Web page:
In this charming animation, a small swimmer dives right into her fears
In Islena Neira and Benoît Michelet's Pool, a small rosy-cheeked swimmer goes up against a few big personalities in the water. With great contrast in the character design and plenty of moments of tension and release, this short film is all about facing your fears.
- 5 December 2019
- Alif Ibrahim
- Reading Time
- 2 minutes
In Pool, Angoulême-based Islena Neira and Benoît Michelet show a mastery of contrast in character design and scale. In the short film, a small, cube-headed swimmer with rosy red cheeks dives into a massive swimming pool that’s filled with larger swimmers who swim with great force.
Though intimidated by the other people, she starts swimming, donning a blue cap and small goggles. As she struggles to stay afloat in the waves that the large swimmers create, she sinks to the bottom, before being saved by one of the larger swimmers who turns out to be more gentle than initially expected. The animation, which takes you from the turbulent space of the pool to the calm surface of the poolside, is a well-crafted film with plenty of moments of tension and release.
The initial idea for Pool started when Islena, originally from Zaragoza, drew a little swimmer and posted it on the internet. Paris native Benoît saw the drawing and was immediately drawn to her character, making a small animation of the swimmer. “We both wanted to do a short film that same year and I proposed that we collaborate and make a story about her," Islena tells It’s Nice That. “I don’t know why I was interested in the character,” Benoît adds. “Maybe I can project something about myself in her or maybe it was something else.”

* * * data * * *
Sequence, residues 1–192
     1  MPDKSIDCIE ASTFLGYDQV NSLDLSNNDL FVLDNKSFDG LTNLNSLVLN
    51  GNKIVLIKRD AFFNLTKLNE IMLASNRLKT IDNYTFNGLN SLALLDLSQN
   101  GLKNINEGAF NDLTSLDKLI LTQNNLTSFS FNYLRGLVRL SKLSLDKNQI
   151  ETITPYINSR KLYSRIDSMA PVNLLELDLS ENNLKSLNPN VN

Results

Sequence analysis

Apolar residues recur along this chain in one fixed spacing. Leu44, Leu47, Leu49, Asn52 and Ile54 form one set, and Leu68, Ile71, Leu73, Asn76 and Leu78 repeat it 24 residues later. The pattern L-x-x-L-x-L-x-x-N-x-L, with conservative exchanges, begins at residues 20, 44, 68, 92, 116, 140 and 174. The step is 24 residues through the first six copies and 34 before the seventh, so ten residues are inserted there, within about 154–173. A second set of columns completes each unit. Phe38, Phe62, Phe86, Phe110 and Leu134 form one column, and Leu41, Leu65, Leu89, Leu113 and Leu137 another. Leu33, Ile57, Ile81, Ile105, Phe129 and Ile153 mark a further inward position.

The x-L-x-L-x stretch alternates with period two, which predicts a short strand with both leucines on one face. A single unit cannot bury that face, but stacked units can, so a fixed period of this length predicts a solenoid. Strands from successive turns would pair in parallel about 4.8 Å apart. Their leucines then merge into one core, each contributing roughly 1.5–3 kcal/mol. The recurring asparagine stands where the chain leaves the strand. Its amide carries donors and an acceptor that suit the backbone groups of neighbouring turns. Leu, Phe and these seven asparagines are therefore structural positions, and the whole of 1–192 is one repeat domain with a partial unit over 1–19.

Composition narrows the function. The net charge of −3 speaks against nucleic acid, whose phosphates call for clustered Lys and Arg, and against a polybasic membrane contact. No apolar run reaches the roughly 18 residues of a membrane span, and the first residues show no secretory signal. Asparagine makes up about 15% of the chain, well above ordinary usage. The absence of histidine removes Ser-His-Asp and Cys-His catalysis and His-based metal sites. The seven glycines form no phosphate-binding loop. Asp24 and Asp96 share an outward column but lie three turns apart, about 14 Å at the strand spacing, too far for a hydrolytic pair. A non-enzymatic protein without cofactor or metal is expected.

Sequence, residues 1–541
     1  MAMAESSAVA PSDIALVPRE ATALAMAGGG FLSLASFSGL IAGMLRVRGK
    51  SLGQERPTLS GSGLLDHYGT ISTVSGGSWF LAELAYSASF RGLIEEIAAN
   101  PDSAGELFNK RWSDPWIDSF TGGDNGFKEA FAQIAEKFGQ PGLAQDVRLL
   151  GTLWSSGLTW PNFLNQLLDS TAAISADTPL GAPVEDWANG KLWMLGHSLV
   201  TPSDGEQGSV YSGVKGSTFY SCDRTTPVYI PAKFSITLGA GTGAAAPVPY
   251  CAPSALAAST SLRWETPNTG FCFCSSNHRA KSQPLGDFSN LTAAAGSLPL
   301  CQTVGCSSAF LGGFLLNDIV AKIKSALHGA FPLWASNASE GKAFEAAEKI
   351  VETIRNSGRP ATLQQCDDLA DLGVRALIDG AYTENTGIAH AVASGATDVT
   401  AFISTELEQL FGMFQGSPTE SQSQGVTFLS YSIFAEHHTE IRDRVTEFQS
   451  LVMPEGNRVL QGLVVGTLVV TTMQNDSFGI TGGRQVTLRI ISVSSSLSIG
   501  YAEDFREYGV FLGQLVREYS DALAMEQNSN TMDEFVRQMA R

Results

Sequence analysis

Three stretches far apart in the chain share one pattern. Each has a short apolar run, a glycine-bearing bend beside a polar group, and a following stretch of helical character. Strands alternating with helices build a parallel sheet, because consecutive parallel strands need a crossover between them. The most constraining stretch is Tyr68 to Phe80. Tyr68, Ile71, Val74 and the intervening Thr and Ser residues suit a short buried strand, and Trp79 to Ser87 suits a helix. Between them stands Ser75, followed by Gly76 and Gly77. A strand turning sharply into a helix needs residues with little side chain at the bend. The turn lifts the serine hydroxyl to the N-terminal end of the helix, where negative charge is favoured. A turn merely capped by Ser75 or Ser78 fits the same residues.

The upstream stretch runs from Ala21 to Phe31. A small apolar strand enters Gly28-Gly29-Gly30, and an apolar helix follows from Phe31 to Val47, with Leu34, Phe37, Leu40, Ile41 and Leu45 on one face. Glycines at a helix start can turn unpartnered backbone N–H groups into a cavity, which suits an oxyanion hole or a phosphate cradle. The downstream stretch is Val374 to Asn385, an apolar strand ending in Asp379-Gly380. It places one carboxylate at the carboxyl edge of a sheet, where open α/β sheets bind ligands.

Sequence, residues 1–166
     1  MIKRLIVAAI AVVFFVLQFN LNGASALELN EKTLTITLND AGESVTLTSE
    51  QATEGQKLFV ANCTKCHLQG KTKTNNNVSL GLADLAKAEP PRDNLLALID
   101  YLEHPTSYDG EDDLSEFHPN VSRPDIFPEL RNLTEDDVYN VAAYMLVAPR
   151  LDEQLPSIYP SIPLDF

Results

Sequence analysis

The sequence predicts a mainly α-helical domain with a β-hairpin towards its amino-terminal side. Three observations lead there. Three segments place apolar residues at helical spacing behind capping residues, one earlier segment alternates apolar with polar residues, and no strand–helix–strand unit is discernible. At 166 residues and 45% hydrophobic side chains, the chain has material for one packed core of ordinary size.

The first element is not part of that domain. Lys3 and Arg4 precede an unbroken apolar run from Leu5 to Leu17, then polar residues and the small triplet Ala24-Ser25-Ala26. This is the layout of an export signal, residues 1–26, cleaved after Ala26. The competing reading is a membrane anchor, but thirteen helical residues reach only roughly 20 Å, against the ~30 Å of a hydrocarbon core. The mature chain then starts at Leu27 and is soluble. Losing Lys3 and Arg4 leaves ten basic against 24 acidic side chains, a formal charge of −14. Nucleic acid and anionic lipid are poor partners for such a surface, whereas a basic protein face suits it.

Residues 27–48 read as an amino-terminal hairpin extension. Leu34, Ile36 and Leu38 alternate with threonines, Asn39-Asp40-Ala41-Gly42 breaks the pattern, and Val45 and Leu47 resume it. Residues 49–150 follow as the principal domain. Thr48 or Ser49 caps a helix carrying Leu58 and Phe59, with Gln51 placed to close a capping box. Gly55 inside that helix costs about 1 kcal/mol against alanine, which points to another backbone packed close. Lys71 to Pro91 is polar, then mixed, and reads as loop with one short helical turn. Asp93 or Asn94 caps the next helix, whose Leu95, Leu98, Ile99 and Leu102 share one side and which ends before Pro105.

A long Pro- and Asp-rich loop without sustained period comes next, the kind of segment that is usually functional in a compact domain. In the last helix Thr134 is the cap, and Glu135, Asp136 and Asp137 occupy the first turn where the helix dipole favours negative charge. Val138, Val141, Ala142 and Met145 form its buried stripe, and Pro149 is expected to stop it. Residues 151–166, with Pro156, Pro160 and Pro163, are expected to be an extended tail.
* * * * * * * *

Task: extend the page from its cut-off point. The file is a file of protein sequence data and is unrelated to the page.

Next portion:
“Little by little we created the story each afternoon after school. There was no script. We drew and drew until we found something that worked for us,” Islena says. “The story and feeling come from an experience of my childhood where I almost drowned in a public swimming pool. For a long time since then, I was scared of them, I also find that they’re a very strange place to be,” she continues.
In what sounds like the perfect collaboration, the two felt like they’d known each other for years even an hour into meeting. “Benoît and I worked very well together as we had similar sensibilities. Everything was fluid and it was very motivating to have another person fighting for the film,” Islena says of their collaboration.
“It was precisely during Pool that I saw that I loved to tell stories through animation. What attracts me about this medium is that sometimes you can touch other people’s hearts,” Islena says. “Like a big puzzle of movement, music and sound, you can create a big illusion and give life to something that is not really there.”
Benoît adds: “With art and cinema, there’s no right or wrong. You just come face to face with life itself, which is mysterious, illogical and hard sometimes but beautiful as well. I want to be creative and independent. Animation is my main preoccupation right now, but I’m also very interested in painting, drawing and illustrated books.”
GalleryIslena Neira and Benoît Michelet: Pool
About the Author
Alif joined It's Nice That as an editorial assistant from September to December 2019 after completing an MA in Digital Media at Goldsmiths, University of London. His writing often looks at the impact of art and technology on society.